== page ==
November 5th, 2010

    Curtis Gans, long-time student of U.S. voter turnout, has estimated that 2010 general election turnout is 42% of the number of persons who could potentially have registered to vote and then voted. While this is very bad relative to other nations, it is higher than any midterm year since 1982. The 2006 figure was 40.8%, and the 2002 figure was 39.7%. Gans estimates that 90,000,000 persons cast a ballot in 2010.

  8. Robert Capozzi Robert Capozzi November 3, 2010

    tk, hmm, do I consent to THIS State vs. the State?…interesting question.

    At the moment, I can’t say I consent to either. I accept both, with reservation, since I don’t see a plausible and practical alternative on the horizon.

    I’d like THIS State to be smaller. I’m likely to vote in 2012 as a symbolic gesture to express that opinion.

  9. Thomas L. Knapp Thomas L. Knapp November 3, 2010


    X2012 isn’t about whether or not you consent to the rule of “the state.” It’s about whether or not you consent to the rule of this state.

    Obviously anarchists like myself fit well within its parameters, since we don’t consent to any state.

    Other types of non-voters would also fit within those parameters:

    – People who believe that the election system is rigged, intentionally or through unintended consequences, to ensure that there are no circumstances under which they will receive the representation they believe themselves entitled to. That could mean various third party types, advocates of proportional representation, etc.

    – People who want more government than they think the current election system can deliver — monarchists, falangists, fascists, etc.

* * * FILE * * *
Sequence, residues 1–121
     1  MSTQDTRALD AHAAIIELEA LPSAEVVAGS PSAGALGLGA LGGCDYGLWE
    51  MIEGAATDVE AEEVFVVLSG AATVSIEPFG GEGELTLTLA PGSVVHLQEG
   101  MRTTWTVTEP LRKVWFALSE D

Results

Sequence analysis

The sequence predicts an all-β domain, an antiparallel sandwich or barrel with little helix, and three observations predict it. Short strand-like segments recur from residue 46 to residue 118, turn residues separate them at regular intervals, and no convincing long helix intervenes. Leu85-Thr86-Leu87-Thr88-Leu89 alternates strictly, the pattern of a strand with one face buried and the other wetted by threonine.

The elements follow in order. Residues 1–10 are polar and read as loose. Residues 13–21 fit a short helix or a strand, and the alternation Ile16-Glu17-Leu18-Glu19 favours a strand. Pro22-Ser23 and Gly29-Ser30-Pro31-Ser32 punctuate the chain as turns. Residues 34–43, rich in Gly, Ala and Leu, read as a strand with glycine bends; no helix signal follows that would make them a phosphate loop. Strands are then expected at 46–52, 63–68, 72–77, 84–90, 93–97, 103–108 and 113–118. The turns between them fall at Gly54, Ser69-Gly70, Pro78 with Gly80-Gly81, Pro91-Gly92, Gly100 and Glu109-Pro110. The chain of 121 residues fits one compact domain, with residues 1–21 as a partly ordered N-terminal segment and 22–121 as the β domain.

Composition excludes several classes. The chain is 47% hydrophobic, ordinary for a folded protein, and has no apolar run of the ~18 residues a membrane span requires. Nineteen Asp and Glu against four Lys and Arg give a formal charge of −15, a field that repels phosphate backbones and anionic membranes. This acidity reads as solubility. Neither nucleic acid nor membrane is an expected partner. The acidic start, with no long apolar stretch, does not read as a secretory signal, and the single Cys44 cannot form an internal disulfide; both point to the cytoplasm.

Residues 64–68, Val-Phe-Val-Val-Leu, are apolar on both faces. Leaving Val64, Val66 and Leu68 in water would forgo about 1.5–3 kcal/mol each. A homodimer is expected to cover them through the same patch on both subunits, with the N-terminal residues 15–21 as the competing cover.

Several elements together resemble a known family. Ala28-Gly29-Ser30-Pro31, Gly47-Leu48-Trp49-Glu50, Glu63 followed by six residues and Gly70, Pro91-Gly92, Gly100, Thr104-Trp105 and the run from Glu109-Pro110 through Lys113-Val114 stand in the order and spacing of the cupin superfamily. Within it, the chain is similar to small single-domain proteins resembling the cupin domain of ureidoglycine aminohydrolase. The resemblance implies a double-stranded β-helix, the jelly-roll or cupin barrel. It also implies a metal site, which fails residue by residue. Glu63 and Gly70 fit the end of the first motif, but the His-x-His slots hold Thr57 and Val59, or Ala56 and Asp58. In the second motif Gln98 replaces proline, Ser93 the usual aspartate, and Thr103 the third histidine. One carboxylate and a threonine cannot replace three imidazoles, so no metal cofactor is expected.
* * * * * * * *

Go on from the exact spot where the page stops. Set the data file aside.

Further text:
– People who might consent even to this state if they were asked, but who aren’t asked (minors, convicted felons in some states, etc.).

    X2012 is ecumenical because it is negative toward a particular existent (“we don’t consent to THIS”) rather than positive toward a particular alternative (“we want THAT”).

  10. Robert Capozzi Robert Capozzi November 3, 2010

    Perhaps a more direct way to express non-consent would be to write in “I don’t consent” for all offices on the ballot.

    Whether I personally “consent” to the rule of the State is an interesting question. Some rules I like, others I don’t.

    At the moment, I accept the rule of the State because I can’t imagine a better alternative. I’d prefer to see it a lot smaller, though.

  11. tiradefaction tiradefaction November 3, 2010


    I understand (I think) your objectives, and I sympathize with them a lot. But I’m not sure why I should stop voting, given the relative ease I can do it, and I can simply refuse consent to the ruling parties of my state, by voting against them. Of course, to get any real victories, you’d have to get organized, but as a statement of consent, I might as well just vote differently. I also don’t want to withdrawal from initiatives and referendums.

  12. Thomas L. Knapp Thomas L. Knapp November 3, 2010


    I agree that electoral politics and outside organizing aren’t mutually exclusive, but for the moment I’m personally choosing one to the exclusion of the other.